The weight of an object is determined by the force of gravity acting on the object. Near the Earth's surface, the force of gravity acting on the object of mass m is F = mg, where g is the gravitational acceleration, which near the Earth's surface is 9.8 m/s^2. This value does not vary significantly when the object is not far from the Earth. However, when the object is further away, the gravitational force vary with the distance as
`F = (GMm)/R^2` . Here, G is the gravitational constant
`G = 6.67*10^(-11) m^3/(kg*s^2)` , M is the mass of the Earth `M = 5.97*10^24 kg` and R is the distance between the center of the Earth and the object in question.
To calculate the distance R such that F = 611.8 N for the object of mass 65 kg,
plug in these values in the above formula:
`611.8 = (6.67*10^(-11)*5.97*10^24*65)/R^2`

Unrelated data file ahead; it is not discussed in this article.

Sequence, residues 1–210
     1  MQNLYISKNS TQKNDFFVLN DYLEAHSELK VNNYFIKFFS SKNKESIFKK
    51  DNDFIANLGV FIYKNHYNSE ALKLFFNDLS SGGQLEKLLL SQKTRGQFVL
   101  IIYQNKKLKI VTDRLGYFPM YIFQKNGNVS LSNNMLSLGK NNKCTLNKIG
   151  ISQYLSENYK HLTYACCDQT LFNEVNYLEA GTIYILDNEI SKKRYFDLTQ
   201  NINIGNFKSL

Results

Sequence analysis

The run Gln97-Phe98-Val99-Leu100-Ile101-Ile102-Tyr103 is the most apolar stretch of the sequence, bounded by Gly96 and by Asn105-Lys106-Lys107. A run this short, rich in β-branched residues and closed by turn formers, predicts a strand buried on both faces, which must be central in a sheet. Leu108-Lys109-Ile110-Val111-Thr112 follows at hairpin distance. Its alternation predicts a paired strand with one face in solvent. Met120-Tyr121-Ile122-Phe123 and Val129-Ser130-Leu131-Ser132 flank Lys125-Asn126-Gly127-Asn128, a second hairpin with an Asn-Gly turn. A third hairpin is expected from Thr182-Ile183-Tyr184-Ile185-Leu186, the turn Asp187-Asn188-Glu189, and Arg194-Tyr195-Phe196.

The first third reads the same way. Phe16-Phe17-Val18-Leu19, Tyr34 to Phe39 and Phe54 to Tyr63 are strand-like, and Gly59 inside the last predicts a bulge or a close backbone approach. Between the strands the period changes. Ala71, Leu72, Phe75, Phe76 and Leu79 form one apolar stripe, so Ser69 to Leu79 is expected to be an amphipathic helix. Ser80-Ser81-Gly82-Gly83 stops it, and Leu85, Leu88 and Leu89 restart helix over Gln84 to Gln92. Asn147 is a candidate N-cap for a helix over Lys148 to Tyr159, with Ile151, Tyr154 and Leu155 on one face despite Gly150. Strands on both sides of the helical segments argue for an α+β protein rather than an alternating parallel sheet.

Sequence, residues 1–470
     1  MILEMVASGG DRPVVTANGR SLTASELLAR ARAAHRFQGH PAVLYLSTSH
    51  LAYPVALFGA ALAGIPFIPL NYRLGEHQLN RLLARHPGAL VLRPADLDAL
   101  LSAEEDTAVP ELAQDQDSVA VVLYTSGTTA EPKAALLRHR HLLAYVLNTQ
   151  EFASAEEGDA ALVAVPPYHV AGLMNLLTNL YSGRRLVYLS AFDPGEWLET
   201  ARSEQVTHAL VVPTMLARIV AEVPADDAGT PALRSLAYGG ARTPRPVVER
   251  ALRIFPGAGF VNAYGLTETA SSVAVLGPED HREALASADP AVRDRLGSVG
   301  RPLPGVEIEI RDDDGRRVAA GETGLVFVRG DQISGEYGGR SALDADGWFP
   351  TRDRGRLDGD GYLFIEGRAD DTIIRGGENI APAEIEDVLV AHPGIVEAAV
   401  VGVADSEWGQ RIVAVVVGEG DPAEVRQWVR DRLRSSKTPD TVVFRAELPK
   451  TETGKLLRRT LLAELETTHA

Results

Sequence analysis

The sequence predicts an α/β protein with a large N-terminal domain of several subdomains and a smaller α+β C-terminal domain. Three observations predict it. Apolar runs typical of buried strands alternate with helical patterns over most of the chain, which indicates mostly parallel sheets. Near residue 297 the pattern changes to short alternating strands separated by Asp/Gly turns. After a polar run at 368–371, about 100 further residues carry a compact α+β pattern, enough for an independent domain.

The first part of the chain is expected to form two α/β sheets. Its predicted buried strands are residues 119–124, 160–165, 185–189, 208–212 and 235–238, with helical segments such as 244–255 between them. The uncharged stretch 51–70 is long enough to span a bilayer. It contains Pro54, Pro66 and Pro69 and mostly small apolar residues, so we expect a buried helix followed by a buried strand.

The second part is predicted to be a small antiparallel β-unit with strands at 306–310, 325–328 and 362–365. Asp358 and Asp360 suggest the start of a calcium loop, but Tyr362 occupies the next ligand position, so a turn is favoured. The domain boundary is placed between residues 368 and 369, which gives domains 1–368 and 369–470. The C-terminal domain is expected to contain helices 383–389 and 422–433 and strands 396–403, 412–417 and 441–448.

From here `R^2 = (2.59*10^16)/611.8 =4.23*10^13 `
and `R = 6.5*10^6 m = 6500*10^3 km` .
Since this is the distance between the center of the Earth and the object, we need to subtract the radius of the Earth in order to find the distance from the object to the Earth surface. The average radius of the Earth is r = 6,371 km (average, because the Earth is not a perfect sphere.)
The distance to the Earth's surface is R - r = 6500 km - 6371 km = 129 km.
So, the mass of 65 kg will weigh only 611.8 N if it is 129 km away from the Earth's surface.